While cataloguing the Griffith Collection (a collection of roughly 50,000 images donated by photographer Greg Griffith), our Assistant Archivist Stephanie recently came across slides of a fire at The Keg building that we had previously only seen in black and white.
The first Keg in the Whistler valley was opened at Adventures West on Alta Lake in 1974, but when construction of the Whistler Village began in 1979 plans were made to open a new Keg restaurant in the Whistler Village Inn.
When the first Keg building was moved up Lorimer Rd. to become the new Municipal Hall in 1981, the new Keg building was still under construction. The hotel and restaurant were expected to open by the end of January 1982, in time for the World Cup, and by the beginning of January restaurant staff had already been hired.
Around 3:30 pm on Wednesday, January 13, 1982, a fire broke out in the building, caused by a leaking propane tank. The fire started in the restaurant section, spread upwards into the roof and, aided by strong winds, spread across the entire building.
The Whistler Volunteer Fire Department (WVFD) worked well into the night. According to the Whistler Question, they poured water on the building for over seven hours. Luckily there were no injuries from the fire, but one firefighter was taken to hospital with chest pains and several others were treated for smoke inhalation.
The next week the WVFD sent a whole bundle of roses into the Whistler Question’s “Bricks & Roses” section to thank those who had helped. The Whistler and Pemberton ambulance crews were present all night, Dr. Christine Rodgers spent the night on call, Terry Rodgers manned the radio, Carol Simmie, Kathy Hicks and Katie Rodgers helped coordinate the effort, and the RCMP provided crowd control. Members of the Surrey Fire Department and Squamish Fire Department who were in Whistler also came out.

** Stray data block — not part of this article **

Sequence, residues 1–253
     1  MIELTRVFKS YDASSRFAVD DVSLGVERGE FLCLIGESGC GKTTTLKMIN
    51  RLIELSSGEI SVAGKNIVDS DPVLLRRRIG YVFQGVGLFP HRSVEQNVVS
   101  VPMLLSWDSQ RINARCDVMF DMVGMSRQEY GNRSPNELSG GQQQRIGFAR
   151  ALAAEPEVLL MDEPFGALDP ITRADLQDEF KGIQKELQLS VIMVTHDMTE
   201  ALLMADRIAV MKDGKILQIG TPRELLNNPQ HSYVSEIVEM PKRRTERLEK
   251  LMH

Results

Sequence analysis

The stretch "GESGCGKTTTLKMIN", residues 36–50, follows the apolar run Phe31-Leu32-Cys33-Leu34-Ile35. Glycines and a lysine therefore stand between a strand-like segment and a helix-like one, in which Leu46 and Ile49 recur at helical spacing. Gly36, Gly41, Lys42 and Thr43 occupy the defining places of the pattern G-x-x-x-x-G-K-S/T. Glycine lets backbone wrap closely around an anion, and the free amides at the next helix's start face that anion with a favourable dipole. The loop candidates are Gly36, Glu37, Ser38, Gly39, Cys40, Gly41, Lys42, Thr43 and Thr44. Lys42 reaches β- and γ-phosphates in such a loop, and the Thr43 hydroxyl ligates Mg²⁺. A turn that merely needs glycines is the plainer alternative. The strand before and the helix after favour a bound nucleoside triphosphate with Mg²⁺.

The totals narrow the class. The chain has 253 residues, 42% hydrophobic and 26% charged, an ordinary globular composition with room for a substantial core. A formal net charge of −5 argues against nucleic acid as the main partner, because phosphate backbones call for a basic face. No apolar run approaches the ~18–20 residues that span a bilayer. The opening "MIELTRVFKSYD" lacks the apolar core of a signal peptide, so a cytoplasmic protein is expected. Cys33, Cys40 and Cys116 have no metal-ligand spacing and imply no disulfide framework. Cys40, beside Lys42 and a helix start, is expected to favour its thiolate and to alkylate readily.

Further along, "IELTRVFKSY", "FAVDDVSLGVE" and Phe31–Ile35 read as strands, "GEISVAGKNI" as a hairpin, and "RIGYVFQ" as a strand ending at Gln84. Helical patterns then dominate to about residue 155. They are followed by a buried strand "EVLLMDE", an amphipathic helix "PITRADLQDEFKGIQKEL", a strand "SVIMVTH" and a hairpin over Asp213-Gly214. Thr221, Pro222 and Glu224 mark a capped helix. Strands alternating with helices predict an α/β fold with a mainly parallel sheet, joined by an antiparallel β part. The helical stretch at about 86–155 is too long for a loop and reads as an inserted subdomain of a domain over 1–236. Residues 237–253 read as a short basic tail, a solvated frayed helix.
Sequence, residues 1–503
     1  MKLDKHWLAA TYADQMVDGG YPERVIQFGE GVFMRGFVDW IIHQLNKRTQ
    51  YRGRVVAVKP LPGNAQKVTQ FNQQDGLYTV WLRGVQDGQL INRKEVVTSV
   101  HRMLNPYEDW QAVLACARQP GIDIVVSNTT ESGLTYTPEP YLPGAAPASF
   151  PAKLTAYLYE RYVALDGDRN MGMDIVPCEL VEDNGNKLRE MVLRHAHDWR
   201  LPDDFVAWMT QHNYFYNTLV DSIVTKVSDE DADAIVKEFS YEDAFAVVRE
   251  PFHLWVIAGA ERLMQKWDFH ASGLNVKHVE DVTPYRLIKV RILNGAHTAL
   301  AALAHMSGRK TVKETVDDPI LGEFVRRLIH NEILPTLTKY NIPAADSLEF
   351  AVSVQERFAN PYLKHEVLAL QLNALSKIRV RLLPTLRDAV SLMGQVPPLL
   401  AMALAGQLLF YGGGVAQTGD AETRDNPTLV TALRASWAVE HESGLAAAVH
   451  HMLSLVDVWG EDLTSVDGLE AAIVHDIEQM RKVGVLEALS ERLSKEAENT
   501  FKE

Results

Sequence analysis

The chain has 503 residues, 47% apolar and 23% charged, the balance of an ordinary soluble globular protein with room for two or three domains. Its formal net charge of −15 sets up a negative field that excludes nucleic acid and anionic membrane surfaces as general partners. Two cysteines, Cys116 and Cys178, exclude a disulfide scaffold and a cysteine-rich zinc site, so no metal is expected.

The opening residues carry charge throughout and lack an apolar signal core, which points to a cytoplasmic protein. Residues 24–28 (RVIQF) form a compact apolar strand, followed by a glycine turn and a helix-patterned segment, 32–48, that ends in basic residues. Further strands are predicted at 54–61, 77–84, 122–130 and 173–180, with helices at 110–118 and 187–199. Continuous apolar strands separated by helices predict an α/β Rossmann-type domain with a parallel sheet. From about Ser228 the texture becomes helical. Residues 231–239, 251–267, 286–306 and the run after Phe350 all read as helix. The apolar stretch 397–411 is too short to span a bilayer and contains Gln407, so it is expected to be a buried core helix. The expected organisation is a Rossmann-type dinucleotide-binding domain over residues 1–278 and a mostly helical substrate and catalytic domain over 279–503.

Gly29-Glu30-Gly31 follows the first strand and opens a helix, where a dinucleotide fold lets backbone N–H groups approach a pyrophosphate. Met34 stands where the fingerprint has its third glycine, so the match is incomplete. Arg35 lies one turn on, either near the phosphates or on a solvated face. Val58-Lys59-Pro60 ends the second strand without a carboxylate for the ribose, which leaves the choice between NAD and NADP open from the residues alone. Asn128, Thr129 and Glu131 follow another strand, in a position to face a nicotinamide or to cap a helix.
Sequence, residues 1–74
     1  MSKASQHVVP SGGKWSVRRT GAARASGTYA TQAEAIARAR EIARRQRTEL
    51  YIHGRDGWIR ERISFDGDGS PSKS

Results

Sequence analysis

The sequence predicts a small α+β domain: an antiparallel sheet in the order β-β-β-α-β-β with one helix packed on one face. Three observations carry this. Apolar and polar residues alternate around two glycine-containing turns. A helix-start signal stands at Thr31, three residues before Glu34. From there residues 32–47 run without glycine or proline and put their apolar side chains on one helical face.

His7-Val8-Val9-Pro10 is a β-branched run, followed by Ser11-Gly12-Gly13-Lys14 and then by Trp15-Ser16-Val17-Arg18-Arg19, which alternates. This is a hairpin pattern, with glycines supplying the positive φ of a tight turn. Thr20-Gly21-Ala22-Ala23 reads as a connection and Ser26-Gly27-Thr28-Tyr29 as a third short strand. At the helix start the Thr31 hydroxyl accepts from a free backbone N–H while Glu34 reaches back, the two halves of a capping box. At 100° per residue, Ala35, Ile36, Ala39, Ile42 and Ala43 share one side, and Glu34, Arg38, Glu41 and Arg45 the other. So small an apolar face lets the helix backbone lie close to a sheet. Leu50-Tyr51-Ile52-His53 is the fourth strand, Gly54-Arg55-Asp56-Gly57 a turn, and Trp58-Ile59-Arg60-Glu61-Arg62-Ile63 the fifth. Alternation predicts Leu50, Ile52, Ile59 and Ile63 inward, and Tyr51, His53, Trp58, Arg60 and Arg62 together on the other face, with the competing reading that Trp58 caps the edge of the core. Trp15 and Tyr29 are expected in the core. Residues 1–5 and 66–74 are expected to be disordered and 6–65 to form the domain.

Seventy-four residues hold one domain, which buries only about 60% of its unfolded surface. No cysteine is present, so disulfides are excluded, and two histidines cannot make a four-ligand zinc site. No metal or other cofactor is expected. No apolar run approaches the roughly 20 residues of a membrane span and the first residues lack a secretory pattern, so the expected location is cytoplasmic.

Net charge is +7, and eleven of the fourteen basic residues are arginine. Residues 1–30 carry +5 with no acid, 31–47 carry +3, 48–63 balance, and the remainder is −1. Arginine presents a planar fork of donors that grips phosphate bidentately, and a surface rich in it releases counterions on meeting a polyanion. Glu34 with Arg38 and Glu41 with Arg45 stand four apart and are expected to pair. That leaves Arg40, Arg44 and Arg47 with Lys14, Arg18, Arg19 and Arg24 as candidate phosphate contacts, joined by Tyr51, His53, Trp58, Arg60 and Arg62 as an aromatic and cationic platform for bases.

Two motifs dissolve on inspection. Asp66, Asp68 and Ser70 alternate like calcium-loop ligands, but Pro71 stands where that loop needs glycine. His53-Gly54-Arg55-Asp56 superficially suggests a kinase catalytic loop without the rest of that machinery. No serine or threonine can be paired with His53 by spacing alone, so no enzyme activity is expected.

As it was January, dry clothing and hot food were greatly appreciated in the -20°C weather. The Grocery Store opened late to provide food supplies, the Alta Lake Community Club, Stoney’s, the Brass Rail, Tapley’s and The Gourmet all brought coffee and food, and the Blackcomb Lodge offered the use of their dryers.
The fire was contained to the top floor of the hotel section, and most of the building was considered structurally sound on the lower levels, with some damage from water and smoke. The damage was estimated at $2.5 million.
By mid-February demolition work had already begun. Smith Brothers & Wilson Construction Ltd. got to work repairing and reconstructing the restaurant and hotel. Because the Whistler Village Inn was designed in two separate buildings, they were able to open 44 rooms in 1982, but the hotel was missing planned amenities such as a pool, restaurant, and permanent lobby.
January 1983 was a busy month, as finishing touches were put on the restaurant and over 100 staff were hired from over 500 applicants.
The Keg was finally able to open on Friday, February 4, with some familiar faces. Herb Capozzi, a founder of the Keg restaurant chain, was one of the first to be served, and some staff members from The Keg at Adventures West came back, such as Scott Paxton. Over the first three evenings, the restaurant served over 900 meals.
Though the Whistler Village has expanded and prices may have changed (in 1983 an 8 oz sirloin would cost you $8.95 and highballs at Brandy’s were $1.85), The Keg and Brandy’s continue to occupy the space opened in 1983.